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If you read the words of Kohelet (the author of Ecclesiastes) in some modern translations you will find that the endless repetition of the word “meaningless” is like Chinese water torture. Work is meaningless, pleasure is meaningless, money is meaningless, life is meaningless, wisdom is meaningless and even death is meaningless. With all this “meaningless” talk its no wonder that the book has been written off as the depressed rant of a bitter old man.
The word translated as “meaningless” is used 38 times in Kohelet’s short thesis but older translations used words such as “vanity” or “futile”. I have been told that it doesn’t make a difference which word you use but I would beg to differ. “Futile” relates to a failure to reach a destination or goal but “meaningless” tells us there is no reason to attempt to do anything at all.
For example, lets say you are three weeks into a 6 month project and your employer looks over your preliminary report and says, “You won’t get the results you want if you keep going that direction. All your effort will be an exercise in futility.” You might be upset but in the end the evaluation will save you a lot of time and energy. But if he just growls at you, “All your work is meaningless; completely and utterly meaningless,” before leaving the room, you might go online and look for a new job. There would be no reason to keep working on the project. Futile and meaningless are not the same thing.
The word translated as “meaningless” in newer translations is the Hebrew word “hebel”. It is spoken with a soft “h” and “b” which makes it sound breathy. When spoken aloud it sounds likes it’s meaning, for “hebel” simply means “wind”, “breath” or “vapor.” The little word is further defined by the illustration Kohelet uses throughout the book. Futility, he says, is like “chasing after the wind.” This phrase conveys the idea of trying to control something that is impossible to grasp. It’s like a person trying to make a breeze to blow across the hammock he has strung up in the shade but the wind refuses to cooperate. In desperation he runs around the yard, flapping his arms and pushing the wind towards his hammock. Finally he sprints for the hammock and lies down, expecting to experience the rewards of his labor.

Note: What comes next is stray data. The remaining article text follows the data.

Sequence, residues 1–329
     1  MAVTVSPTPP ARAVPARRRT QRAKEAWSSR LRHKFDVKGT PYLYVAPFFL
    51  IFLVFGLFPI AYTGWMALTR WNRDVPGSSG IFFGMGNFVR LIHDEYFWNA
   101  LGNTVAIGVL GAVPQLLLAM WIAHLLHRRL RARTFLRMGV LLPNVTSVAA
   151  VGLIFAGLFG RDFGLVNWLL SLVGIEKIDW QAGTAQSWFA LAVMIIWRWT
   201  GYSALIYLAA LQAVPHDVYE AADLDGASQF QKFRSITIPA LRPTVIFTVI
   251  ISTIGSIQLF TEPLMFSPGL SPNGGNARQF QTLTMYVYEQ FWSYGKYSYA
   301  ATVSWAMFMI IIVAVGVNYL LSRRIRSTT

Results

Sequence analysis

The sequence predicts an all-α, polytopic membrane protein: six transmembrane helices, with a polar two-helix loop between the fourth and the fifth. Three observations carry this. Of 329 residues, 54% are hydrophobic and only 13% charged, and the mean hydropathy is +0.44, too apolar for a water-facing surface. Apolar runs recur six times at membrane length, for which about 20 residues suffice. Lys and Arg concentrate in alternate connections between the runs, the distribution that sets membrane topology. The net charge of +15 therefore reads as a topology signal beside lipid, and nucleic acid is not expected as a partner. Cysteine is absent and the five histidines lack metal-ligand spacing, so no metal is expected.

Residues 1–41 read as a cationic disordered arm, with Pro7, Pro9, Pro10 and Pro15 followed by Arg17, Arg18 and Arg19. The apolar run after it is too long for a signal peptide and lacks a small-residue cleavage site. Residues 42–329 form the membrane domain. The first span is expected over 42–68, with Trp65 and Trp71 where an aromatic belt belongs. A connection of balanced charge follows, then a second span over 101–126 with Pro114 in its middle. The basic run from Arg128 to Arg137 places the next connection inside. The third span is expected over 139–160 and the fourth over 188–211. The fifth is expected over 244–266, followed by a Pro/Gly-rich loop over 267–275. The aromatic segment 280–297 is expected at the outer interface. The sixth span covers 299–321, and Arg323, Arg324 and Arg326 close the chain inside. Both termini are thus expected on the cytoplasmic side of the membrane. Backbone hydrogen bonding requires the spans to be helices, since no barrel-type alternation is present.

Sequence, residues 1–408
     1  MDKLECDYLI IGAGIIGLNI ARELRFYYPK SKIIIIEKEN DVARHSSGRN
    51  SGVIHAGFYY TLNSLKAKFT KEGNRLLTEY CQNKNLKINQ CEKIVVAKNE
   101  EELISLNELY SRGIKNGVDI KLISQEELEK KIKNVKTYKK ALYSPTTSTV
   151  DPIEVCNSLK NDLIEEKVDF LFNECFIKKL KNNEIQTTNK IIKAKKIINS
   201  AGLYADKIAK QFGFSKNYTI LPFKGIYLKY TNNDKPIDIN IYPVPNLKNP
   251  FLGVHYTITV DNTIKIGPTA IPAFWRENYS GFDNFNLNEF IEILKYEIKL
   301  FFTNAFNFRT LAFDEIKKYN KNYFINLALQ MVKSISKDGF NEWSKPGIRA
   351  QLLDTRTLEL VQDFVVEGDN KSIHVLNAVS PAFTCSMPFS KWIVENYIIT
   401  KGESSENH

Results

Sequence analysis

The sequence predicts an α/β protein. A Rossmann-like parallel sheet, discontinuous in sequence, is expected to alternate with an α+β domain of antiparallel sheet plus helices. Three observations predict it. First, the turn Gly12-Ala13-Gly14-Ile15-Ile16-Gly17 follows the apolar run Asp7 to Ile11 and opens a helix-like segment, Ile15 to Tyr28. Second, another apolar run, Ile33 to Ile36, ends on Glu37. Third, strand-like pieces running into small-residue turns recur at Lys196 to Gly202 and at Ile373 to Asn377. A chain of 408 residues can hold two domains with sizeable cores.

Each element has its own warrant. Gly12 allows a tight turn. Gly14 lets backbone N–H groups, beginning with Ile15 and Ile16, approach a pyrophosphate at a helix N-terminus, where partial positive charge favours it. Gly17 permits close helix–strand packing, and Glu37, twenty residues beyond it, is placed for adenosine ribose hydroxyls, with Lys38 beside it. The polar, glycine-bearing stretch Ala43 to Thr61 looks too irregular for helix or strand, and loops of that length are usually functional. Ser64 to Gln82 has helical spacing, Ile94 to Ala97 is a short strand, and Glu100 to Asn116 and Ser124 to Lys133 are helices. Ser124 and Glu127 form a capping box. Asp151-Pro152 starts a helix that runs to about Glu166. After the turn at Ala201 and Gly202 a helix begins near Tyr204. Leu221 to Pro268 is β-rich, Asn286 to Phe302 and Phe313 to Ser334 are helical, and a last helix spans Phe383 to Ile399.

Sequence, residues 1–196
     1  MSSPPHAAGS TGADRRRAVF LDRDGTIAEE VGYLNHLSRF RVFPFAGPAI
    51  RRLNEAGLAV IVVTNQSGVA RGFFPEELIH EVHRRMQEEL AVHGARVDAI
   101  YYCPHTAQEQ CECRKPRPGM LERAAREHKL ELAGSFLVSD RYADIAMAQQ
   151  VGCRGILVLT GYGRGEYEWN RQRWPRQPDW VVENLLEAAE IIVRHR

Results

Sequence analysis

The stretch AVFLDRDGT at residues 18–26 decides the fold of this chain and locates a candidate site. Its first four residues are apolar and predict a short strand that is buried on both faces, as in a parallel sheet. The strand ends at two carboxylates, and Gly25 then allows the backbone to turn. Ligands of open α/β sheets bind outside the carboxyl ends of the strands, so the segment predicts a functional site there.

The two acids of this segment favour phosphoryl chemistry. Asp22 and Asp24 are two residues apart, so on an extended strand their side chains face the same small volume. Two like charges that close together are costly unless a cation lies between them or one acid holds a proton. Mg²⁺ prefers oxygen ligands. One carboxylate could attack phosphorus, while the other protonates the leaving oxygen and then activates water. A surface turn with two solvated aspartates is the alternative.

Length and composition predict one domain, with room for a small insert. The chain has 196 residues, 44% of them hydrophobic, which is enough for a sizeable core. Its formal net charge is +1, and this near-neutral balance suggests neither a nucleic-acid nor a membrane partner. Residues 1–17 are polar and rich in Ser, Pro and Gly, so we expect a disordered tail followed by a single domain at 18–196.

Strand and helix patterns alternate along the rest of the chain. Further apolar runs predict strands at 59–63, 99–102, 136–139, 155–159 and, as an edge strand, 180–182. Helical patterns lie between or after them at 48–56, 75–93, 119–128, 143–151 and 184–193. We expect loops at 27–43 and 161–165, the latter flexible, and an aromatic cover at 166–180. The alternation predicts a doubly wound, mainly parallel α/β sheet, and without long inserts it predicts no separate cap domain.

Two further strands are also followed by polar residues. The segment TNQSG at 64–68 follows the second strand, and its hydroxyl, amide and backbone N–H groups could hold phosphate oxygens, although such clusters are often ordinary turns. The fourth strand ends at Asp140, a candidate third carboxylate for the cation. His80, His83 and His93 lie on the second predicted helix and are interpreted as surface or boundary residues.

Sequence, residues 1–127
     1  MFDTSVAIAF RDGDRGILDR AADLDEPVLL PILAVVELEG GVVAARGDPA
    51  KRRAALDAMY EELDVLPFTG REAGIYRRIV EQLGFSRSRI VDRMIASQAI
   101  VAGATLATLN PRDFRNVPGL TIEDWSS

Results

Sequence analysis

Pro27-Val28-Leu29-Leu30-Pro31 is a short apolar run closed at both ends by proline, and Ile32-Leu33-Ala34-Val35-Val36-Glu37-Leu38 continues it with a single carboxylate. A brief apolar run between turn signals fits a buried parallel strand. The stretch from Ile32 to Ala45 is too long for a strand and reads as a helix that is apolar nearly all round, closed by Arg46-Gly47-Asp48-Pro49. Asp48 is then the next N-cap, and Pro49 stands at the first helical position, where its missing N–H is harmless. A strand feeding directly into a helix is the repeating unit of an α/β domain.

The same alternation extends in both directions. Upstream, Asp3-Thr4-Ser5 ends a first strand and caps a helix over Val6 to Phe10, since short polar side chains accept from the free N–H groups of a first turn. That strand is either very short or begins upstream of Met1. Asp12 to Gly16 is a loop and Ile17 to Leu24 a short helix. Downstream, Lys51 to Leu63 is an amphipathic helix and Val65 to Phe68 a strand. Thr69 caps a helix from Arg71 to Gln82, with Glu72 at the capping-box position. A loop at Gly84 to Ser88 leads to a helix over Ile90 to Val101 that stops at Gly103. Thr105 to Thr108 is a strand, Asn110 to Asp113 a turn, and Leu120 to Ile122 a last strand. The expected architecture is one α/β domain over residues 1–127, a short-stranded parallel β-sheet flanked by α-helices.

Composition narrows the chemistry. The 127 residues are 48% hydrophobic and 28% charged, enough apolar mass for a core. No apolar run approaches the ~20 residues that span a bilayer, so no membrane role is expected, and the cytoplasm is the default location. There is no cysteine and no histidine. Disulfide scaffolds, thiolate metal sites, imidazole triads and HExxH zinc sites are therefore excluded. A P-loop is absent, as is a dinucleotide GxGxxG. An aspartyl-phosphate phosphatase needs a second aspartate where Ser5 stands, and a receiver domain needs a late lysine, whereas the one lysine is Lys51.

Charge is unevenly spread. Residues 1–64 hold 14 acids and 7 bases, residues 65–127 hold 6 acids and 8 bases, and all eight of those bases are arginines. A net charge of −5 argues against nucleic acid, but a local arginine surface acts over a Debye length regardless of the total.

The word “hebel” is normally translated by words that reflect the temporary nature of wind, breath or vapor. When you breathe outside on a cold day you see your breath in a form of a vapor cloud. The mist we see has substance but it cannot be grasped. It is there and then it is gone. This is the thought behind Psalm 144:4 “Man is like a breath (hebel); his days are like a fleeting shadow.”
Oddly enough, when the modern translations work with “hebel” outside of Ecclesiastes they use English words such as transient, fleeting, perplexing, fruitless, unbeneficial, profitless and futile. All of these accurately portray the transitory nature of wind, breath or vapor and fit with “chasing after the wind”. Yet within the confines of Ecclesiastes they exclusively used the word “meaningless”.
So why were the words more consistent with the concept of ‘hebel’ abandoned for one that isn’t? Quite simply, the modern translations are a product of their times. Translation is not done in a vacuum but within the mindset of the person(s) doing the translation work. In the last few hundred years the prevalent attitude toward Ecclesiastes has been that it is a nihilistic book which describes a life lived apart from God (under the sun, not the Son) and that its only purpose is to show us how meaningless life without God is. After hundreds of years of this type of interpretation, modern translators naturally thought the word “meaningless” fit the theme of the book the best. Unfortunately, that choice put a final nail in Kohelet’s coffin and Ecclesiastes, for all intensive purposes, has become “the lost book of the Bible.” It is good for a few quotes to hang on the wall but other than that, no one really reads it for what it is worth.
I believe that Ecclesiastes is our truest and best wisdom on the art of work. The teachings of Kohelet can bring balance to your working life and to your relationships. It is a book of ancient wisdom that we have considered meaningless for far too long.
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